Robot fruit picking technology will be efficient and affordable for farmers in a few years


Robot technology is almost readily available for harvesting fruit on Victoria’s farms. In order to alleviate the shortage of seasonal workers, several researchers and scientists are working hard to update technology for farmers.

Chao Chen of the Department of Mechanical and Aerospace Engineering at Monash University is leading research into the development of a robot that uses cameras to scan trees to detect fruit without damaging the tree.

“Currently, he can harvest an apple in about 7 seconds – depending on the distance traveled – and it takes about 4 to 5 seconds for a human to pick an apple,” Dr Chen said.

“The robot takes pictures and maps the tree and detects the fruit. This information is how the robot picks the fruit.”

Dr Chen says that the apple harvest success rate is around 85%.


Demand needed to make robots affordable

According to Monash University, the current cost of materials for a robot is around $ 80,000, but the cost is expected to decrease as demand increases.

Vito Mancini is a citrus grower in Griffith, New South Wales.

The arm of a Californian robotic apple picker tested in a Victoria orchard.(

Provided: Dan Steere


Robots are being tested on his property and he says it’s not about if, but when the technology will be used on farms at all levels.

“I don’t think it’s an impossible task, I think robotics will become an assisted part of the harvest. It’s pretty impressive to see,” Mr. Mancini said.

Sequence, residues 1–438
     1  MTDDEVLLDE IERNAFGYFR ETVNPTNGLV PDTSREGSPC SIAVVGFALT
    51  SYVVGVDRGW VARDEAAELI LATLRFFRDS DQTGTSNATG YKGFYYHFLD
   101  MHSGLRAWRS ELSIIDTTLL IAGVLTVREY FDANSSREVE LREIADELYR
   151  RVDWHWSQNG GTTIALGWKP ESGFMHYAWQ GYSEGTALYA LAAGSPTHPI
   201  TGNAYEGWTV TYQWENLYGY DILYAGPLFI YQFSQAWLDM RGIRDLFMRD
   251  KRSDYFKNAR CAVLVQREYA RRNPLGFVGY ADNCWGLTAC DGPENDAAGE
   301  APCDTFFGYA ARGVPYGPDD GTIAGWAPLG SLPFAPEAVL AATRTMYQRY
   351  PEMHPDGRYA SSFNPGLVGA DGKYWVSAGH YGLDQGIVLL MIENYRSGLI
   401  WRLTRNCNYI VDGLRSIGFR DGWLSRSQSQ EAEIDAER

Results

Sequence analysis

“For farmers, there is some fear that this will allow the bigger farmers to grow, as well as the corporate sector, and their fears are well founded.

Hunter Jay is the Managing Director of Ripe Robotics and is working on the second version of a fruit picking robot.

“The first version picked fruit sometimes, but not always, and often broke down,” he said.

“So we are building the next generation that will be 10 times faster and hopefully not break down as much.”

His robot works on a suction system which sucks up the fruit and detaches it from its branch.

“I hope the technology will be ready in a year and scale up in a few years and be applied to the majority of orchards,” Jay said.

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New technology makes it easier to pick fruit

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